Employment Lawyers Can Answer Your Employment Law Questions
Hello, my name is XXXXX XXXXX it is my pleasure to assist you with your question today. Will you still allow them to take their accrued holidays?
Ok I understand. The issue of rolled-up holiday pay has been problematic ever since the Working Time Regulations 1998 came into force.
After several UK decisions on the lawfulness or otherwise of rolled-up holiday pay, the ECJ, in Robinson-Steele v PD Retail Services and other cases ruled that the practice is contrary to the Directive. However, it also held that sums already paid under a transparent rolled-up arrangement could be offset against a claim for unpaid holiday pay.
A number of claims in the UK courts challenged whether rolled-up holiday pay was lawful under the WTR 1998. In Caulfield, later followed by the EAT in Smith v A J Morrisroes, the EAT held that it was possible to roll up holiday pay provided that:
• It was clearly incorporated into the contract and expressly agreed to by the worker.
• The allocation of pay to holiday was clearly identified in the contract and preferably also on the worker's pay slip.
• It was a true addition to the basic rate of pay.
• Reasonably practicable steps were taken to require workers to take their holiday.
• Records of holiday were kept.
In the ECJ case, The Advocate General was of the view that rolled-up holiday pay arrangements could be lawful if they were transparent, involved an identifiable addition to basic pay (not merely a retrospective apportionment of existing pay), and there were adequate arrangements in place to ensure that workers could actually take their holiday.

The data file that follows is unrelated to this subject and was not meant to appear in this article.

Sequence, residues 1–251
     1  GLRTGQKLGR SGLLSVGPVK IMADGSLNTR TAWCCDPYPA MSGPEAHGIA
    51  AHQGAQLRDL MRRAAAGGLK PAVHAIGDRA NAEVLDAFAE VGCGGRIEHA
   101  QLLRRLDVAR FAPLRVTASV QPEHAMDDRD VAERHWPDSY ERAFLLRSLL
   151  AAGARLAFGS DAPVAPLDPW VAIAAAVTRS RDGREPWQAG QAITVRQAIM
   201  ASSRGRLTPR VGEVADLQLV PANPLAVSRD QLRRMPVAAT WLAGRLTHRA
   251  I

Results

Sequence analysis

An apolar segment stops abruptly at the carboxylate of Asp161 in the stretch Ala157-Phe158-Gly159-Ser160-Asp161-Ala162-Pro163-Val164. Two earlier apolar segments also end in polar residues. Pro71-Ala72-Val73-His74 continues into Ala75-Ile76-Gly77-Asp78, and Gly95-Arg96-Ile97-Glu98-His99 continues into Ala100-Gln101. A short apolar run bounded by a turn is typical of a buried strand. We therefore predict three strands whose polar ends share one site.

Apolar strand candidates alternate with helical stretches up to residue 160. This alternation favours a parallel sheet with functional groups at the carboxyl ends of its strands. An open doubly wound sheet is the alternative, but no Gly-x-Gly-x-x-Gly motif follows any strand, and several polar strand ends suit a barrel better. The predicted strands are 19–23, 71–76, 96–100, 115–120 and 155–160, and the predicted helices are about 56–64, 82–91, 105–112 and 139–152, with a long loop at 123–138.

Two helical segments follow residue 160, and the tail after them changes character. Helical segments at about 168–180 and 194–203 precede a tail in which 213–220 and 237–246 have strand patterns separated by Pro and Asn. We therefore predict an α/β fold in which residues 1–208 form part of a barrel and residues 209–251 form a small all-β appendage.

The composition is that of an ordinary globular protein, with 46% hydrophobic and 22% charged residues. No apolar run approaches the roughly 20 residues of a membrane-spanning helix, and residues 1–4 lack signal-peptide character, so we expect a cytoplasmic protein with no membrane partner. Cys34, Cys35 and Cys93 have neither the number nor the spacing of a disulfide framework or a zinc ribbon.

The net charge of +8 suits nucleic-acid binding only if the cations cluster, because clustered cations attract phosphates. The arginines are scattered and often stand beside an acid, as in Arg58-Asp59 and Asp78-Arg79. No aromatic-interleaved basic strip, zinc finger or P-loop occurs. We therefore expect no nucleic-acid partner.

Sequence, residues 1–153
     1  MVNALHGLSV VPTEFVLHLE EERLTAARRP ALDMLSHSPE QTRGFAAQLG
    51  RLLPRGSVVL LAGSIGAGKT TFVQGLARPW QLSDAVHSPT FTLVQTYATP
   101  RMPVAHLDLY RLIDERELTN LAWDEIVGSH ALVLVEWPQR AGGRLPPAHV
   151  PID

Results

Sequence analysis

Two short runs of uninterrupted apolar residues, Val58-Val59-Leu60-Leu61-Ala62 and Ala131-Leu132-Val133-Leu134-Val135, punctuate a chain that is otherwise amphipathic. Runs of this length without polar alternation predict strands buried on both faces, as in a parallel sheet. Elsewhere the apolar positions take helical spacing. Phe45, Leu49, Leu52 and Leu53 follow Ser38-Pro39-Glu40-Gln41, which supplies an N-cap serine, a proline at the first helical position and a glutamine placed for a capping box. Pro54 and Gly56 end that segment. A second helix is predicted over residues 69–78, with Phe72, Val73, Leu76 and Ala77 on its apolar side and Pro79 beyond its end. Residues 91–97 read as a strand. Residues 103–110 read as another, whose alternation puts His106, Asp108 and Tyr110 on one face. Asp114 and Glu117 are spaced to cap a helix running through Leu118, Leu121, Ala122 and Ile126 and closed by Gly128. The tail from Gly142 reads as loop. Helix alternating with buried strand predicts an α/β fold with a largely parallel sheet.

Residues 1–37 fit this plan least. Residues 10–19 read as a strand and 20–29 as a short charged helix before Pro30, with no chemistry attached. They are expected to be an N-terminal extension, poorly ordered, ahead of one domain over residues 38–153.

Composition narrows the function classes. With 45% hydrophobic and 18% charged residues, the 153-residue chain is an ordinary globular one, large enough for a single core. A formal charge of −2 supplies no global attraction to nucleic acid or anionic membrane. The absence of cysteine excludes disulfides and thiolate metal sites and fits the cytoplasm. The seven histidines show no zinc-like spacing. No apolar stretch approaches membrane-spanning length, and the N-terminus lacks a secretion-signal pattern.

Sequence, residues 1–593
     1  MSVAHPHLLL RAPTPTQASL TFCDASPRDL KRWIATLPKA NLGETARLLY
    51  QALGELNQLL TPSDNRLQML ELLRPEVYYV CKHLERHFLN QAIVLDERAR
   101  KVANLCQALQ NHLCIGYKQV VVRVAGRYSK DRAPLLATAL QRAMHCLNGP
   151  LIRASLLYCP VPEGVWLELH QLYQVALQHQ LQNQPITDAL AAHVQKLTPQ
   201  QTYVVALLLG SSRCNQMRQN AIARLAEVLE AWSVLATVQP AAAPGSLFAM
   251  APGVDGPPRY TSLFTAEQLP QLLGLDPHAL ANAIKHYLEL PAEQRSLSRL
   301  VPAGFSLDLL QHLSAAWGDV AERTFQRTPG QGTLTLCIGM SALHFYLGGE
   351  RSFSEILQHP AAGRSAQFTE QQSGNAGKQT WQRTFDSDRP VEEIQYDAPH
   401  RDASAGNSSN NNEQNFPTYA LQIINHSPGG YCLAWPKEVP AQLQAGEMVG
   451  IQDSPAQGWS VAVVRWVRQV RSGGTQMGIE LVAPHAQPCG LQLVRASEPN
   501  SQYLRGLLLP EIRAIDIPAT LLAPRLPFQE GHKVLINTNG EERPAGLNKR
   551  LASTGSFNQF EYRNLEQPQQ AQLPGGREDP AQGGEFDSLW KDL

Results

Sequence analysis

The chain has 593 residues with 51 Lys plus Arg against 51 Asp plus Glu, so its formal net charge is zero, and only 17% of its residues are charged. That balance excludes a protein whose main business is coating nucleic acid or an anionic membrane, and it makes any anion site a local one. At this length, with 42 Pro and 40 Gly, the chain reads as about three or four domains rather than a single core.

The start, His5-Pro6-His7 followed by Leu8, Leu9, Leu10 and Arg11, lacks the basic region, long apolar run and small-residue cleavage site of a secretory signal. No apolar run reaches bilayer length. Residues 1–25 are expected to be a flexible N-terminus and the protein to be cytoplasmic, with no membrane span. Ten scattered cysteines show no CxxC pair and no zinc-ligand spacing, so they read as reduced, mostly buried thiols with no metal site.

The UK Government has no specific law or guidance in relation to the above developments and the guidance on Directgov states: "Holiday pay should be paid for the time when you actually take your holiday. Your employer cannot include an amount for holiday pay in your hourly rate (called 'rolled-up holiday pay'). If your current contract still includes rolled-up pay, you and your employer should renegotiate it."
So it is somewhat of a grey area and there are arguments that for both it being legal and illegal – it means that if you do introduce this, it could be challenged and you are then getting into a complex legal situation where you have to try and argue it was a valid practice.
Please let me know if this has answered your original question or if you need me to clarify anything else for you in relation to this? Thanks